The boot business, especially in the USA, is a major concern for Timberland’s management. This sector is the most profitable aspect of the company but has been under continued pressure, and Timberland doesn’t anticipate it to get better in 2006. Also struggling is the women’s casual footwear in the USA, although outside of the country it is doing well. The company plans to focus some of its energy on these sectors.

Another concern is obviously the imposition of anti-dumping duties on certain leather shoes imported from China and Vietnam in the European Union. Timberland, which sources 6-7 million pairs of shoes from these countries for distribution in the EU, was not clear in a recent conference call about what it would do if the anti-dumping duties are enforced. It indicated that it was waiting to see the actual results of the European Commission’s investigation before commenting.

In the 4th quarter ended Dec. 31, 2005, Timberland’s sales increased by 2.3 percent to $465.3 million, driven in part by an 8.2 percent gain outside of the USA. Gains in children’s shoes, men’s casual styles, the Timberland Pro series and men’s apparel were offset by decreases in women’s casual footwear and boot sales. Globally, footwear revenues rose by 1.4 percent to $357.5 million.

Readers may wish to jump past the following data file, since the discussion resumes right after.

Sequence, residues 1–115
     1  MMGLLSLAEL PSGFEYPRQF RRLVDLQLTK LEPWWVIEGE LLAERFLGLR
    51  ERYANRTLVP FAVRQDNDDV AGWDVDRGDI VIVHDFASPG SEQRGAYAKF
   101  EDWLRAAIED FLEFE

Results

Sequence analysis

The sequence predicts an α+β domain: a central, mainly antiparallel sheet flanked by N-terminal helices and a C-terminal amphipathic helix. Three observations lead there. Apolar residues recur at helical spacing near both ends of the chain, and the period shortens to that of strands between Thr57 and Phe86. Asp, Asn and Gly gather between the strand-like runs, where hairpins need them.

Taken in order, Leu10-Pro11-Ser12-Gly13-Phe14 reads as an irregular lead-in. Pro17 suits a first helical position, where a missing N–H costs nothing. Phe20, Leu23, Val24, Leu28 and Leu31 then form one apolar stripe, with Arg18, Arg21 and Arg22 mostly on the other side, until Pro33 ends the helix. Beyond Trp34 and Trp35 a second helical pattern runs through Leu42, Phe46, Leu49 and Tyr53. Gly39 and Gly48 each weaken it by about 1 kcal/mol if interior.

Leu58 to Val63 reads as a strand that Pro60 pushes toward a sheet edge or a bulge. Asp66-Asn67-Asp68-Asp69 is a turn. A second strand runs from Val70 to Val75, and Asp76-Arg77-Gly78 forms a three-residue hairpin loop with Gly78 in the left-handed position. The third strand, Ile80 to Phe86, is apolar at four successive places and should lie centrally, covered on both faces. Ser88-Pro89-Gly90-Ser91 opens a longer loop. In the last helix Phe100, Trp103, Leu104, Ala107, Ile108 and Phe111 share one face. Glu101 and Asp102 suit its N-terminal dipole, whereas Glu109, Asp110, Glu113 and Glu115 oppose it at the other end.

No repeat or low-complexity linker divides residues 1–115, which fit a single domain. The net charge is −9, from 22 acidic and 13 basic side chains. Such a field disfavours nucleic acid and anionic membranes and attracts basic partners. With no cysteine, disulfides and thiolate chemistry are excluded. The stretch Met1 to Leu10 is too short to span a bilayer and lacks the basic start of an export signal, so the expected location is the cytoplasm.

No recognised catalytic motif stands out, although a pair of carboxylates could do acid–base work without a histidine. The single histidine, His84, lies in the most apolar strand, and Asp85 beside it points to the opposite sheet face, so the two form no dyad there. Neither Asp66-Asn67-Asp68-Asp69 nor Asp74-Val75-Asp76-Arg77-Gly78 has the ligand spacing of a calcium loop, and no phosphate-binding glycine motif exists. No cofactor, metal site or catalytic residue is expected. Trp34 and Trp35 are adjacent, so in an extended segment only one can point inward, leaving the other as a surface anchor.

Gross margin increased by 10 basis points to 48.2 percent, while net income reached $46.9 million against $45.0 million in the year-ago period. This figure includes a pre-tax cost of $1.7 million related to the restructuring of manufacturing facilities in Caribbean countries, which cost the company $4.3 million for the full 2005 year and will cost an additional $300,000 in the 1st quarter of 2006.

Timberland’s revenues for the full year increased by 4.3 percent to $1,565.7 million, including a 12 percent rise to $536 million in Europe. On the retail side, the company opened six franchised stores, a specialty store and an outlet store in the EU in 2005 giving it a total of 239 locations in the region at year’s end. The company registered a gross profit of $776.9 million for the year, as compared to $739.1 million in 2004. Net income grew slightly to $164.6 million from $152.7 million.

For 2006, the company expects mid-single-digit revenue growth and modest declines in earnings. In the 1st half of 2006, Timberland’s gross margin will likely be affected by higher oil and labor costs, as well as a less favorable product mix.